When ABC announced in June that Black-ish would not be part of its fall schedule and would instead be held for midseason, the sitcom’s stars were not happy—and they made it known to network execs.
During an ABC virtual press event promoting the show’s seventh season, which premieres at 8 p.m. on Oct. 21, the show’s cast said they pushed for the show to return quickly following a summer that has been marked with nationwide protests against racism and racial injustice. While creator Kenya Barris said the midseason decision was reached earlier in the year, before the surge in anti-racist activism and protests, the news cycle made him feel that the Johnson family’s story as depicted in the award-winning sitcom was “unusually but importantly necessary.”
The show’s costars agreed. “I felt that it would be doing a disservice to our audience, a disservice to the community and a disservice to our show to have our voices muted in a time like this,” Anthony Anderson, who plays Johnson family patriarch Andre Johnson in the sitcom, said.
So they sprung into action as a team. “We were hopeful that we could convince them to take a look at things and reconsider,” said Laurence Fishburne, who portrays Pops Johnson. “We were hopeful—and we were vocal,” Tracee Ellis Ross, who plays Rainbow Johnson in the series said.
“Tell them about all the screaming we did on the phone,” Anderson joked.
Of course, their pushback worked. Two days after Black-ish’s midseason premiere was announced, ABC reversed course and put Black-ish back on the fall schedule. But the brief period when the show was off the fall schedule gave room for the show’s creators and writers to pitch a special that would allow them to have a voice prior to the November presidential election.
“It was a happy accident, because we were trying to figure out a way to still have a presence, especially in an election year, with the notion that we didn’t now we could be on,” Barris said. “So it was sort of like, ‘Let’s at last make sure the show has a presence during this time and try to get people to rally around voting for whoever they choose to vote for, to at least be present at the polls.’ ABC completely appreciated that.”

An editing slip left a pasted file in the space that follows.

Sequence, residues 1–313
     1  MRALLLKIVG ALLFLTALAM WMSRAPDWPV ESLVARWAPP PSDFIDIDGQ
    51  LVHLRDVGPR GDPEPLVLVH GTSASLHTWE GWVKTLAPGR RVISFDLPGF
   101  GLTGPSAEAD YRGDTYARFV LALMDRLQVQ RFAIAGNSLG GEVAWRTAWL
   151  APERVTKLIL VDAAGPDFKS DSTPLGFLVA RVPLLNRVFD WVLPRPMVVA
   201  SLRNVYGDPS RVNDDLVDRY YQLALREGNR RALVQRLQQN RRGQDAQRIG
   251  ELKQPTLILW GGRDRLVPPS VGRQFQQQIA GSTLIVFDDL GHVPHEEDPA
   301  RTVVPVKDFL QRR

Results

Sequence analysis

That election special, which is set to air this Sunday, Oct. 4, is a two-parter, with the first part centered on Andre Johnson Jr. (played by Marcus Scribner) as he prepares to vote for the first time, but finds he has been scrubbed from voter rolls. The second part, which will be animated, will follow Dre’s boss Leslie Stevens (played by Peter Mackenzie) as he tries to run for a seat in Congress.
The special had to be developed at breakneck speed after Black-ish was once again put on the fall schedule.
“There was about 24 hours when we weren’t going to be on the fall schedule, and that was when the specials came up,” showrunner Courtney Lilly said. “And then 24 hours later, it was like, okay, we’re back on the fall schedule—cool, cool. And we got these specials. Oh. Oh, OK!”
The development of the special, like the effort to get Black-ish back on the fall schedule, was a team effort. The idea to animate the second episode was born from a conversation between Ross and ABC Entertainment president Karey Burke in which Ross suggested animation as a safer alternative. They’re not the only show to try out such strategies: Pop TV’s One Day at a Time and in NBC’s The Blacklist, among others, have tested out animated specials and season finales.